NEW YORK — A decade ago, I was a writer living in Manhattan and my editor loved my writing style.

I wrote a weekly column called “My Big Break” and I did some TV work.

In 2006, I wrote an article about the Brooklyn Bridge and the iconic tower, which has been in the news ever since the Brooklyn Nets and Netscape sued over a $1.8 billion lawsuit that claimed the building was too large.

The article said that Brooklyn Bridge would cost $1 billion to demolish.

I felt like I’d hit the jackpot.

I was right.

The Brooklyn Bridge was done and the towers were going up.

It was a win-win.

And the tower’s price was just a fraction of the original price.

When the towers opened in 2007, I went to the Brooklyn Museum and bought a piece of history.

Afterward, I realized that I had no idea what I was getting into when I bought the building.

It wasn’t a story I’d been expecting.

As I drove up to the museum, the tower looked as if it was about to go up.

But then, I turned onto a nearby highway and I realized I was going to be in Brooklyn for an hour.

I’d drive into Brooklyn for a few hours and drive back.

The only thing that mattered was that I got to see the tower.

My editor told me, “You can stay in this building, but I want to tell you this: I want you to know you’re going to miss this building.”

I said, “I don’t want to miss anything.”

My agent was on my side and I was happy.

I was staying at a nice, modern building with a view.

I had my own desk and a bathroom.

And I was able to spend my day in a room with my daughter.

At the time, I didn’t know that New York was an expensive city.

When I went out to dinner, I’d get $300 a person for the entire meal.

I knew I wasn’t getting anything in return, so I went into the restaurant and ordered a steak with shrimp.

I ordered shrimp because it was the best thing I’d ever had.

Then, one night, I sat in the lobby and I felt the building’s elevator begin to descend.

I got up and walked into the lobby, hoping that my daughter would come to my room.

But instead, I saw a large man with a beard and a white baseball cap walking toward me.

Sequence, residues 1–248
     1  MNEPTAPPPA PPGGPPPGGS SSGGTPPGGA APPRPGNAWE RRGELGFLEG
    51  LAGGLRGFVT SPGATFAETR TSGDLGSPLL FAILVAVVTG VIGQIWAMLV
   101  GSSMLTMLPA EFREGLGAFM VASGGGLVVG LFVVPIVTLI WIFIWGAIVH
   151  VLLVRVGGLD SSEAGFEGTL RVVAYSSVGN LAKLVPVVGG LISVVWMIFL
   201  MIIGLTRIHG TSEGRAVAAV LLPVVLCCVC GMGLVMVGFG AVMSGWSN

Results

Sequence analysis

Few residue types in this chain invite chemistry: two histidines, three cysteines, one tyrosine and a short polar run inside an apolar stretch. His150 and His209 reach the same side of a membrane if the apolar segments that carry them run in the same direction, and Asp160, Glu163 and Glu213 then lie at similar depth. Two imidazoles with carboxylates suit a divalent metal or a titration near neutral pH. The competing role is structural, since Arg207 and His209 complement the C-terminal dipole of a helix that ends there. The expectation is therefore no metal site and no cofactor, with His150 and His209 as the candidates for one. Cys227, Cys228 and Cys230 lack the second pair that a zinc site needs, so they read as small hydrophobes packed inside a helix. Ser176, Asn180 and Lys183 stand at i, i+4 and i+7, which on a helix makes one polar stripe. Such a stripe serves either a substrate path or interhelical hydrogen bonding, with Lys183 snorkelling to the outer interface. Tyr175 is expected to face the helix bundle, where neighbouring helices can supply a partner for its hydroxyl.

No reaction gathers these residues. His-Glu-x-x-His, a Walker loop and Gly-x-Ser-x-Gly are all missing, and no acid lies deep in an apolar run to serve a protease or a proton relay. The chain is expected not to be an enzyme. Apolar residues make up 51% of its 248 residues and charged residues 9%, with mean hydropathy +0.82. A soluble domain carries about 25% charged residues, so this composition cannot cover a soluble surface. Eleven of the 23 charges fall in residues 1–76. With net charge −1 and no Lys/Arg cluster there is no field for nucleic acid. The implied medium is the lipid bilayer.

I couldn’t believe what I saw.

He grabbed my hand and pulled me into the elevator.

He said, “You need to go home.” I said,  “What?” 

He said: “Get on your knees and pray.”

I had to tell him I was just about to leave, so he gave me my keys and I headed back down the elevator shaft.

That was it.

Soon, my daughter was in bed.

She was terrified.

I didn.

I went upstairs to check on her and I noticed the building had fallen on top of her.

She screamed and ran out of the room.

When she came back downstairs, she was sobbing.

I could see the pain on her face and she was crying even more.

I said to my agent, “That’s a blessing.”

He told me it was just like the story of Jonah.

You can’t go back.

What happened to the building?

In 2008, the Brooklyn Borough President proposed to demolishing the tower and replacing it with a park.

But the building didn’t go away.

When the towers closed, a group of residents who had been displaced by the construction decided to buy the building from the developers and re-open it.

After several years, the building finally sold for $1 million.

There are about 400 apartments in the building, which is a small piece of the city, and a number of other buildings around the city.

In 2017, the City of New York awarded the Brooklyn Bridges Foundation $3.2 million in repairs and other repairs to the bridge, which now houses the Museum of Modern Art.

I visited the site, and there was a small park with a fountain, but it was empty.

It looked like a lot of people had moved on.

There was a fountain and it was filled with water, so people could drink and relax.

We decided to stay a little longer.

When we went back, the place was quiet and empty.

We took a walk down the street.

I saw people playing football and baseball, but there was nothing else to do.

Then, we saw a group playing a game on a large screen.

They were playing basketball.

We looked at each other and we knew we could do better.

We called my husband and said, “Let’s do it.”